- U.S. Navy admiral ‘receptive’ to giving Chinese counterpart a tour of carrier
- Islamic State orders female genital mutilation for Mosul girls, U.N. says
- Israeli fire hits U.N. facility in Gaza, killing 15
- Obama encourages ICE to stand down, say former border agents
- Pro-Palestinian protesters attack Israeli soccer team in Austria match
- Virginia police: 2 dead after storm at campground
- Ukrainian prime minister announces resignation
- House members question $17 billion VA request
- N.Y. Gov. Cuomo launches statewide task force to collect LGBT data
- Obama’s motorcade prevents woman in labor from crossing street to hospital
FEULNER: The promise and pitfalls of 2011
Without caution, conservatives will lose momentum in the new year
Question of the Day
It's an exciting time for conservatives. It's also a dangerous one. On the one hand, we have opportunities aplenty now, thanks in large part to liberal overreach. An overzealous majority in Congress, revved up by their 2009 Christmas Eve health care victory in the House of Representatives, opened 2010 with a far-left agenda far removed from the will of the American people.
They can't say we didn't warn them. Conservatives said repeatedly that voters weren't going to stand for more spending, more regulation, more control from "on high." As I wrote in a column last January, "Our leaders would do well to listen to the wisdom of the people, before they learn it first hand in November."
They didn't listen. So they learned.
So why is 2011 a dangerous time for conservatives? Two reasons:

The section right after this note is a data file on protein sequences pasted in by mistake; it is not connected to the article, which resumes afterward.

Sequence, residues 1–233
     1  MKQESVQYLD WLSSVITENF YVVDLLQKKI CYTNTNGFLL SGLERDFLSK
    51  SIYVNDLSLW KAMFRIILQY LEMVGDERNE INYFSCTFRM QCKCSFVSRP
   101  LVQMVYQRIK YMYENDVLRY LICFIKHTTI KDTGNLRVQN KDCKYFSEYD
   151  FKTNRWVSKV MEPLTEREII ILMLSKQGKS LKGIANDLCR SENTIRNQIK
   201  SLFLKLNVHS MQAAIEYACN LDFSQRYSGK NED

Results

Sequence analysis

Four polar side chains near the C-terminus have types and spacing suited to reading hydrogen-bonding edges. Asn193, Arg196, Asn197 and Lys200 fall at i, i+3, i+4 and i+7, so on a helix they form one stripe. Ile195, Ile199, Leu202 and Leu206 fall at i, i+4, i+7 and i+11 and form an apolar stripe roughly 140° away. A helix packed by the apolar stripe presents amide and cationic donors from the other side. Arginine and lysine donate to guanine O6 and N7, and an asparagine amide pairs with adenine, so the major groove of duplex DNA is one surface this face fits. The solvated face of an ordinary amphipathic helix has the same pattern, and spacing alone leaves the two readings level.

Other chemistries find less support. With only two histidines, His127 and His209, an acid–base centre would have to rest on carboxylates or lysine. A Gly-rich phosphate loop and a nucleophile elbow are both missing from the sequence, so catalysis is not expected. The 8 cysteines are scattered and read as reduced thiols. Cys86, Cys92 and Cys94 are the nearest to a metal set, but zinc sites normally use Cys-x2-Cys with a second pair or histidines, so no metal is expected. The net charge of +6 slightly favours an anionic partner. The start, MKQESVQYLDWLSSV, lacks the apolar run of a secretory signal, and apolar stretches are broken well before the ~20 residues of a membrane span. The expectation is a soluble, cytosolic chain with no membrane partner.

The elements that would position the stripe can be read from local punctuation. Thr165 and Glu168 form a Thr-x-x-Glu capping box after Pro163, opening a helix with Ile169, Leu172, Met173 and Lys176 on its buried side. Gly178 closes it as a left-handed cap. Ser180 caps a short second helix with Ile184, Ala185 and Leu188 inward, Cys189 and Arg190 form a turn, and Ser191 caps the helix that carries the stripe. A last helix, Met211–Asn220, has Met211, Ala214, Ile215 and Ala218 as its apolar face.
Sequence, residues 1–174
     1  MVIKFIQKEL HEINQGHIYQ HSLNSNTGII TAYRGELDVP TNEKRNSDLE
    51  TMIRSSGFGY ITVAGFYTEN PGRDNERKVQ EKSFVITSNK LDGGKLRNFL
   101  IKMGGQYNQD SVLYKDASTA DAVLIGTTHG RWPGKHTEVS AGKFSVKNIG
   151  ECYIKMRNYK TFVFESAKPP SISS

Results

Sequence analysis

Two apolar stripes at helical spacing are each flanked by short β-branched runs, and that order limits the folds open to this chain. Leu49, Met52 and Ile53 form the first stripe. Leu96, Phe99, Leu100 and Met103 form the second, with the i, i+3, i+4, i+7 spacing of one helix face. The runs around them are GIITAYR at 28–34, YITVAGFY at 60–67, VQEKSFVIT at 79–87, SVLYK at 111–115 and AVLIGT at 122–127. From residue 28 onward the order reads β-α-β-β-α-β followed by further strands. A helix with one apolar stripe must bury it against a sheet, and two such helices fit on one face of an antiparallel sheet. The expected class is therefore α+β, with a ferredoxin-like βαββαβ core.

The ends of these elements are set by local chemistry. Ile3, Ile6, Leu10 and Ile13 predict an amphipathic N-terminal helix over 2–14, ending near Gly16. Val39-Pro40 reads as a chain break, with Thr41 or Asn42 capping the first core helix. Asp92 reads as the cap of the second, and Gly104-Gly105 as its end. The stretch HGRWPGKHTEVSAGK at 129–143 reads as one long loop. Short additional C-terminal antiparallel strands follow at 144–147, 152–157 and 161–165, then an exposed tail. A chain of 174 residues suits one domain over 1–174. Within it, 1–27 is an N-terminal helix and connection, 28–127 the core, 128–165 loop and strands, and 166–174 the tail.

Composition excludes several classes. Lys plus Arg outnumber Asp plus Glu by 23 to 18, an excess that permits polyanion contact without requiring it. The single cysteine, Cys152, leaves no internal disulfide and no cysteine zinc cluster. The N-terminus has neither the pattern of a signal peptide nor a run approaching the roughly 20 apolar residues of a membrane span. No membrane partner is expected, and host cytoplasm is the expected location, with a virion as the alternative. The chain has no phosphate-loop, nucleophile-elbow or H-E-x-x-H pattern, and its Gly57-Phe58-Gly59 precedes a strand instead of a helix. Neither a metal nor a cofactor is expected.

First, there is much to do - and little margin for error. Obamacare is now the law of the land, and we have a new START treaty. New START will hamper U.S. efforts to field a missile defense. Obamacare will make health care less affordable. So we're starting from a hole.
Second, it's easy to lose sight of what's truly at stake. It's more than a fight over one particular piece of legislation. It's not just about health care, harmful treaties, tax hikes or defense cuts - as important as these are. It's about America's first principles. It's about the fundamental relationship between citizens and their government.
For example, are we a nation where government can order people to buy health coverage? Set aside for a moment any discussion about whether such coverage is wise. The question is, does the Constitution allow government to force you to buy it? Critical debates such as this have motivated thousands of Americans to get involved in the public debate.
Consider what we as a nation have seen unfold over the past 12 months. Across the country, people who had never before been engaged in politics have sprung to action. They've written letters, made phone calls and attended town-hall meetings. Whatever the forum, they've called for fiscal sanity, individual responsibility and limited government - all constitutional principles. And it's working.
Liberals can try all they want to place us on a "road to serfdom," to use F.A. Hayek's famous phrase. The fact is, conservatives are winning where it matters most - and not just at the ballot box. We are winning the war of ideas. And liberals are taking notice.
In recent months, the Obama administration has begun to take ideas directly from the conservative playbook:
1. In national security, they've canceled civilian trials for terrorists, kept Guantanamo Bay open and extended key provisions of the USA Patriot Act.
2. On federal spending, they've proposed a federal pay freeze as a first step toward fiscal sanity.
3. On immigration, they've abandoned their pursuit of comprehensive immigration reform.
4. On economic recovery, they've admitted that the Obama tax hikes are wrong for America.
Much, however, remains to be done.
My hope is that the new Congress will follow through on this momentum and fulfill the conservative mandate delivered in November. Standing firmly on principles, conservatives can push to repeal Obamacare, rein in government spending and regulations and stop all tax hikes.
They can, in short, listen to the wisdom of the people.
Ed Feulner is president of the Heritage Foundation (heritage.org).
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